From about halfway through the Pretoria Subgroup of rocks around the impact structure's centre, the order of the rocks is reversed. Moving outwards towards where the crater rim used to be, the Ghaap Dolomite group resurfaces at 60 km (37 mi) from the centre, followed by an arc of Ventersdorp lavas, beyond which, at between 80 and 120 km (50 and 75 mi) from the centre, the Witwatersrand rocks re-emerge to form an interrupted arc of outcrops today. The Johannesburg group is the most famous one because it was here that gold was discovered in 1886.[4][14] It is thus possible that if it had not been for the Vredefort impact this gold would never have been discovered.[4]

The 40-kilometre-diameter (25 mi) centre of the Vredefort impact structure consists of a granite dome (where it is not covered by much younger rocks belonging to the Karoo Supergroup) which is an exposed part of the Kaapvaal craton, one of the oldest microcontinents which formed on Earth 3.9 billion years ago.[4] This central peak uplift, or dome, is typical of a complex impact structure, where the liquefied rocks splashed up in the wake of the meteor as it penetrated the surface.

ConservationEdit

The Vredefort Dome World Heritage Site is currently subject to property development, and local owners have expressed concern regarding sewage dumping into the Vaal River and the impact structure.[15] The granting of prospecting rights around the edges of the impact structure has led environmental interests to express fear of destructive mining.

CommunityEdit

The Vredefort Dome in the centre of the impact structure is home to four towns: Parys, Vredefort, Koppies and Venterskroon. Parys is the largest and a tourist hub; both Vredefort and Koppies mainly depend on an agricultural economy.

On 19 December 2011, a broadcasting licence was granted by ICASA to a community radio station to broadcast for the Afrikaans- and English-speaking members of the communities within the impact structure. The Afrikaans name Koepel Stereo (Dome Stereo) refers to the dome and announces its broadcast as KSFM. The station broadcasts on 94.9 MHz FM.

See alsoEdit

ReferencesEdit

  1. ^ a b University of Rochester (26 September 2022). "The asteroid that formed Vredefort crater was bigger than previously believed". Science X. Archived from the original on 26 September 2022.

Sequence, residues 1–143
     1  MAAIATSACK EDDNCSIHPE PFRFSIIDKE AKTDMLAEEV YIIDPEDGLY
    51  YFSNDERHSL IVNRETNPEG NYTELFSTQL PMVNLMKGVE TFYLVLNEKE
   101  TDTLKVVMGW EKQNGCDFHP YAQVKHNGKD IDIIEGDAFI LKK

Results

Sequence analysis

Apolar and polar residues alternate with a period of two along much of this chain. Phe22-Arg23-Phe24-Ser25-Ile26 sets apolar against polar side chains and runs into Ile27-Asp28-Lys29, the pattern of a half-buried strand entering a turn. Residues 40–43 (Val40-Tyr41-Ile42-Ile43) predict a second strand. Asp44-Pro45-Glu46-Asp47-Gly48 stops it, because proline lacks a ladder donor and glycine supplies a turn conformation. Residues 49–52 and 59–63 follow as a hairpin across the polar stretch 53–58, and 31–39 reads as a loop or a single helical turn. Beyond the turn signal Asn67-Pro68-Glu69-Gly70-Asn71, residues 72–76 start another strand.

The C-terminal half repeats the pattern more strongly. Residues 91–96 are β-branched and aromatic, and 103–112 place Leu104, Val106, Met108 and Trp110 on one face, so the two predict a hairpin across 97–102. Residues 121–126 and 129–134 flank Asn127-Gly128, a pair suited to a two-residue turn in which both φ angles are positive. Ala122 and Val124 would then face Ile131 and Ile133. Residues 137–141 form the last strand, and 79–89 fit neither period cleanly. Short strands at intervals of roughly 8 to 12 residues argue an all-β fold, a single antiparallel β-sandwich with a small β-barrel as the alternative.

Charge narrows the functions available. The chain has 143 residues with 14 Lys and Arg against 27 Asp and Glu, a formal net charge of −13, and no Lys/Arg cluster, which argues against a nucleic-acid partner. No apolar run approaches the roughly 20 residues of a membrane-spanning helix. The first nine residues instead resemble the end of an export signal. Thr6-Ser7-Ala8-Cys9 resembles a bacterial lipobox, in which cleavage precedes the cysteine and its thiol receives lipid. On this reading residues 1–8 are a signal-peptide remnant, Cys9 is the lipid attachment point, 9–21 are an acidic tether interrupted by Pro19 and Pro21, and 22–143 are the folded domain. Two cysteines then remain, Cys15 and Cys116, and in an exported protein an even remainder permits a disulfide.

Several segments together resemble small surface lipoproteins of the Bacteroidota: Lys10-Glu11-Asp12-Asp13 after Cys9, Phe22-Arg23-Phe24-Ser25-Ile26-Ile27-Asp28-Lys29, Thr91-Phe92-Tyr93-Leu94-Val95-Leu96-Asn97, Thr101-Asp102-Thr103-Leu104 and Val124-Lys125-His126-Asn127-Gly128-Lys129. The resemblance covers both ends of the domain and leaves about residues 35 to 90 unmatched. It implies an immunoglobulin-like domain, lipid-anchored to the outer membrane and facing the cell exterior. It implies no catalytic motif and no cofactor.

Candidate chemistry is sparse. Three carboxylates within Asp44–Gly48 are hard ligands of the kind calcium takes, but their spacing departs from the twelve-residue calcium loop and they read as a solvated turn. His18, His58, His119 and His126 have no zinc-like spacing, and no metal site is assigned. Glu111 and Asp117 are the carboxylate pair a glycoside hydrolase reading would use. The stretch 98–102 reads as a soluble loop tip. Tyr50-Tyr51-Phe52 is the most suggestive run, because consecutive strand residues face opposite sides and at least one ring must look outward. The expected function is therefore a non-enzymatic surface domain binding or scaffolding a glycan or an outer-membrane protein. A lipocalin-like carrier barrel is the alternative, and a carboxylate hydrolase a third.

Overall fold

2. ^ a b "Vredefort". Earth Impact Database. Planetary and Space Science Centre University of New Brunswick Fredericton. Retrieved 30 December 2008.
  3. ^ a b "Deep Impact - The Vredefort Dome". Hartebeesthoek Radio Astronomy Observatory. 1 August 2006. Retrieved 19 September 2007.
  4. ^ a b c d e f McCarthy, Terence (2005). The Story of Earth & Life. Struik Publishers. pp. 89–90, 102–107, 134–136. ISBN 978-1-77007-148-3. OCLC 883592852.
  5. ^ "The Vredefort Dome: Centre of the World's Largest Meteorite Impact Structure!". Archived from the original on 31 December 2011. Retrieved 31 December 2012.
  6. ^ Allen, Natalie H.; Nakajima, Miki; Wünnemann, Kai; Helhoski, Søren; Trail, Dustin (2022). "A Revision of the Formation Conditions of the Vredefort Crater". Journal of Geophysical Research: Planets. 127 (8): e2022JE007186. doi:10.1029/2022JE007186.
  7. ^ a b Erickson, T.M., Kirkland, C.L., Timms, N.E., Cavosie, A.J. and Davison, T.M., 2020. Precise radiometric age establishes Yarrabubba, Western Australia, as Earth’s oldest recognised meteorite impact structure. Nature communications, 11(1), pp.1-8. doi:10.1038/s41467-019-13985-7
  8. ^ Pati, J.K., Qu, W.J., Koeberl, C., Reimold, W.U., Chakarvorty, M. and Schmitt, R.T., 2017. Geochemical evidence of an extraterrestrial component in impact melt breccia from the Paleoproterozoic Dhala impact structure, India. Meteoritics & Planetary Science, 52(4), pp.722-736. doi:10.1111/maps.12826
  9. ^ Garde, A.A., McDonald, I., Dyck, B. and Keulen, N., 2012. Searching for giant, ancient impact structures on Earth: the Mesoarchaean Maniitsoq structure, West Greenland. Earth and Planetary Science Letters, 337, pp.197-210. doi:10.1016/j.epsl.2012.04.026
  10. ^ Mashchak, M.S. and Naumov, M.V., 2012. The Suavjärvi impact structure, NW Russia. Meteoritics & Planetary Science, 47(10), pp.1644-1658. doi:10.1111/j.1945-5100.2012.01428.x
  11. ^ Reimold, W.U., Ferrière, L., Deutsch, A. and Koeberl, C., 2014. Impact controversies: impact recognition criteria and related issues. Meteoritics & Planetary Science, 49(5), pp.723-731. doi:10.1111/maps.12284
  12. ^ Norman, Nick; Whitfield, Gavin (2006). Geological Journeys. Struik Publishers. pp. 38–49, 60–61. ISBN 978-1-77007-062-2. OCLC 974035410.
  13. ^ Truswell, J. F (1977). The Geological Evolution of South Africa. Purnell. pp. 23–38. OCLC 488347575.
  14. ^ a b Geological map of South Africa, Lesotho and Swaziland (1970). Council for Geoscience, Geological Survey of South Africa.
  15. ^ Momberg, Eleanor (23 August 2009). "River heading for the rocks". Retrieved 22 March 2011.

External linksEdit